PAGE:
Case of Phineas Gage
- The Brain and Cognition
- Phineas Gage's Case
- Phineas Gage's Injuries for Cognitive Research
The brain in all of its complexity has fascinated philosophers and researchers for hundreds of years. The brain plays a role in all forms of behavior, sensory perception, subjective perception, subjective feeling, thought, and bodily function. The structures of the brain are responsible for independent functions as well as collaborative functions between all structures. The roles of the brain are numerous and each role is important to human life. One important role is the brain's role in cognition.
The Brain and Cognition
Each structure of the brain has some role in cognitive function. Shreeve (2010) states, ?A contemporary of Descartes named Thomas Willis often referred to as the father of neurology was the first to suggest that not only was the brain itself the locus of the mind, but that different parts of the brain give rise to specific cognitive functions? (para. 3). This introduced the belief of the brain functioning as a subjective mind that had no physical being with the help of physical structures of the brain. Thomas Willis believed that the brain structures had specific cognitive functions. Later researchers such as Wenicke and Broca proved that some structures do have specific cognitive function through studying individuals with severe brain damage.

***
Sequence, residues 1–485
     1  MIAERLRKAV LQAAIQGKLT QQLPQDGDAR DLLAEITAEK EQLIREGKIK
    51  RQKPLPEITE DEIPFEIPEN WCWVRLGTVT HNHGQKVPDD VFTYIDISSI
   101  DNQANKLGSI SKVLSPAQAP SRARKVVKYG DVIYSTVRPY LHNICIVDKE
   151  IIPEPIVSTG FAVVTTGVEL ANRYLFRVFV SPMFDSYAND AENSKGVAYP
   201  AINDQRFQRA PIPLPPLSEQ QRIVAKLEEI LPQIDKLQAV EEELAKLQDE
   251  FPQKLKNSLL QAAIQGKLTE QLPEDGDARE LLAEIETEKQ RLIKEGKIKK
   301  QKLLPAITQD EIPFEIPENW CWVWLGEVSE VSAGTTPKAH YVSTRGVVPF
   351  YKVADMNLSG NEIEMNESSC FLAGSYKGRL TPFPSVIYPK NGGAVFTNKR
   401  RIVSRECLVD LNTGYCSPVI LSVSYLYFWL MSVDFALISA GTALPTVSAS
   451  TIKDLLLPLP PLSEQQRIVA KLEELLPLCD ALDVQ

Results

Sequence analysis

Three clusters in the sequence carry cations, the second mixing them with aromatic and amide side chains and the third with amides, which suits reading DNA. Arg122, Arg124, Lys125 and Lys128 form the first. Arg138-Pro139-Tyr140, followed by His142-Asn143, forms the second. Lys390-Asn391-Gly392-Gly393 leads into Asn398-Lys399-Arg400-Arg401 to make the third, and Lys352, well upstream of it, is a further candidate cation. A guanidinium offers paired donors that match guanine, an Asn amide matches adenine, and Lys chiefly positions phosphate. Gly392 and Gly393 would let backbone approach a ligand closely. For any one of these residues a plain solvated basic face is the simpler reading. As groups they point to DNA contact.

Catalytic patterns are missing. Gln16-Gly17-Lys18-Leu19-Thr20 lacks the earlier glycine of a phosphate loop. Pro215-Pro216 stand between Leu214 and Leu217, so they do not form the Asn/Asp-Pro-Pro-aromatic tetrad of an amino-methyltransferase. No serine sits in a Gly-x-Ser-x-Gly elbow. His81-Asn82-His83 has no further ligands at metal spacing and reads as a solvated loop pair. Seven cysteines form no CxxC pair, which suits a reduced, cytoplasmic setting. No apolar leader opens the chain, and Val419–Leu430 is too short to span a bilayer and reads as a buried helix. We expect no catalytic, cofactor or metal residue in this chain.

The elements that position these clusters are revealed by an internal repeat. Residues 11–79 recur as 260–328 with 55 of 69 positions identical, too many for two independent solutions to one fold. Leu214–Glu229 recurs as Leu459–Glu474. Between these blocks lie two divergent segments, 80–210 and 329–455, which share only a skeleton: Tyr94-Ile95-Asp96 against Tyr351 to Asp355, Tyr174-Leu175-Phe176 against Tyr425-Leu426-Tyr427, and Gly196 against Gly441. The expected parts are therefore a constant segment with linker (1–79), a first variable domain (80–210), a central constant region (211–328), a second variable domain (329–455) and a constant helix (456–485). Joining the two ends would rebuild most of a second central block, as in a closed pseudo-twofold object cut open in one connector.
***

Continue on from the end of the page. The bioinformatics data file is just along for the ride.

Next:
[...] The anterior frontal lobes, which is important to intellect, motor skills, language, and memory, were undamaged. The x-rays finally shed light on the reasons Gage could stay conscious, walk and talk despite his tragic injury but had such radical personality changes. Conclusion A large amount of research is required to understand how the structures of the brain work independently and collaboratively in the role of cognition, but the case of Phineas Gage helped and continues to help researchers to understand what structures of the brain were important to cognition as [...]